1 Oliver’s Yard, 55 City Road,
London EC1Y 1SP, UK.
For information on advertising, reprints and supplements please contact:
Manuela Brun, Account Manager
Editors have very broad discretion in determining whether an article is an appropriate fit for their journal. Many manuscripts are declined with a very general statement of the rejection decision. These decisions are generally not eligible for formal appeal unless the author provides strong evidence or new data that can respond to and alleviate the concerns of the editor and reviewers. The author may appeal the decision by providing the Editor with a detailed written description, strong evidence, or new data they believe have emerged. The UEG journal will respond to a formal appeal and investigate whether key aspects of the submitted work have been overlooked or new arguments have come to light in the initial review phase.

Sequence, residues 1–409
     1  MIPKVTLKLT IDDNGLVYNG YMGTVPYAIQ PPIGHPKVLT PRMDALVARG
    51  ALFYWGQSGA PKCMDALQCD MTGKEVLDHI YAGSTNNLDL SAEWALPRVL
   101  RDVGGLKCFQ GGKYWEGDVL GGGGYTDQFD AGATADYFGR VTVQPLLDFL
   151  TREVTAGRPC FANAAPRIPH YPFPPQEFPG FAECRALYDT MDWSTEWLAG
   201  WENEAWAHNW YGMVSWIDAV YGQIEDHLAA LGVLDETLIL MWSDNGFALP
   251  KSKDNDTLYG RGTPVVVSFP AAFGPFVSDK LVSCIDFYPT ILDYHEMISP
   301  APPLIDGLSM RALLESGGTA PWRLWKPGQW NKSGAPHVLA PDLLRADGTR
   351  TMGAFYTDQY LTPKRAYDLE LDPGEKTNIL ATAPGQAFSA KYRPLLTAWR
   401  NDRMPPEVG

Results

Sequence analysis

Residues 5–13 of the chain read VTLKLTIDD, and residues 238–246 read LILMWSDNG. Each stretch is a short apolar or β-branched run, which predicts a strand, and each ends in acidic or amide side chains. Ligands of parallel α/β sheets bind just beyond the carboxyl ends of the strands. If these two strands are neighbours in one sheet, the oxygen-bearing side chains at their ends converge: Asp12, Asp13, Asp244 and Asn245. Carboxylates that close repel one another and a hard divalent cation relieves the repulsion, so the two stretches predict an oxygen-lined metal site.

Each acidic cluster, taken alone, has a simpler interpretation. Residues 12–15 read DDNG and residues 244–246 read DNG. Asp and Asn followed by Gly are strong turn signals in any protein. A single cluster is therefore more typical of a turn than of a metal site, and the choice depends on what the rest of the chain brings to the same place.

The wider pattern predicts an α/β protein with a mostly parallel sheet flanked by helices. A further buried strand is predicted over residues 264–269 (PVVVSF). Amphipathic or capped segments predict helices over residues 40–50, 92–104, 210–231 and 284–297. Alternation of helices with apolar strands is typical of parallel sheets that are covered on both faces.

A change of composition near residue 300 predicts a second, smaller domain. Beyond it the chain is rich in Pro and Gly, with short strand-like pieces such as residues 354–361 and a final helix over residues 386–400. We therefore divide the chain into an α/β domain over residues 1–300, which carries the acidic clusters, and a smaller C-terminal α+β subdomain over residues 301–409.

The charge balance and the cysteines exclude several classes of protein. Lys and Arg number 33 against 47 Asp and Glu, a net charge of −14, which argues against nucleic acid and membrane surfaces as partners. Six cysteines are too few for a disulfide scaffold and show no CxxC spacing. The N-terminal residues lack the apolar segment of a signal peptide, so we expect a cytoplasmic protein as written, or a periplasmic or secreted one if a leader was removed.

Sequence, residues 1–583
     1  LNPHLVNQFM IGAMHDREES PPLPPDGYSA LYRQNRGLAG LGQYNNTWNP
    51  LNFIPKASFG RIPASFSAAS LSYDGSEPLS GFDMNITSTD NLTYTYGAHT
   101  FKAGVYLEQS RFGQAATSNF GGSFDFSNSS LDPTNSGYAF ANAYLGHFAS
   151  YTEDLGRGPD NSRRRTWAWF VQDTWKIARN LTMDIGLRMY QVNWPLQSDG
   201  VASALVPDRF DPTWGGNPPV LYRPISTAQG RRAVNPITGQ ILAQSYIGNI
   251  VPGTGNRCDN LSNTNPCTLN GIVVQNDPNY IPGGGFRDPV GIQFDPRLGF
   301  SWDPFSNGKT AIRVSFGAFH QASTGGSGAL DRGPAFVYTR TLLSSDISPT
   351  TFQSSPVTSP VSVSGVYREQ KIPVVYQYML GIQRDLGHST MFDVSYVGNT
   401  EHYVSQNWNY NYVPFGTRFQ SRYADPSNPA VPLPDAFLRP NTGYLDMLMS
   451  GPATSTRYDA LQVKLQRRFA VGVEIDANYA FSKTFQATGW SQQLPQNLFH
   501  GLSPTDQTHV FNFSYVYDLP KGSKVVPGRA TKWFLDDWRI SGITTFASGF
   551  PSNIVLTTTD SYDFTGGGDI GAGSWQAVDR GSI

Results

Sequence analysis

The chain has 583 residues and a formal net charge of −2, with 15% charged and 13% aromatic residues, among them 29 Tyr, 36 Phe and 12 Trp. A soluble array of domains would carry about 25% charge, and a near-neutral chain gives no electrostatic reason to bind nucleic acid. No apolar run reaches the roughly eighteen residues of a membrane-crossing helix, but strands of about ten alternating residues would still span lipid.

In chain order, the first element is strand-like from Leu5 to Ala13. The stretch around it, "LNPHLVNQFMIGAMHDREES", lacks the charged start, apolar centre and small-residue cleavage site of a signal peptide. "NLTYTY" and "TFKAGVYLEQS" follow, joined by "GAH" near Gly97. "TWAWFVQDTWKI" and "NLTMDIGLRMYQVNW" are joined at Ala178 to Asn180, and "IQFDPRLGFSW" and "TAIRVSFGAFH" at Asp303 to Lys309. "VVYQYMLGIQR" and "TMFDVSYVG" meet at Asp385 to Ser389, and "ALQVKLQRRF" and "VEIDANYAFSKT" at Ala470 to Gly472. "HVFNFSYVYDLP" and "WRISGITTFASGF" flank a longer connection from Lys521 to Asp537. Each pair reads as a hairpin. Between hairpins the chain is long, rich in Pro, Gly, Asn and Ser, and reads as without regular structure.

If an author believes the decision regarding their manuscript was affected by a publication ethics breach, the author may contact the publisher with a detailed written description of their concern, and information supporting the concern, at firstname.lastname@example.org.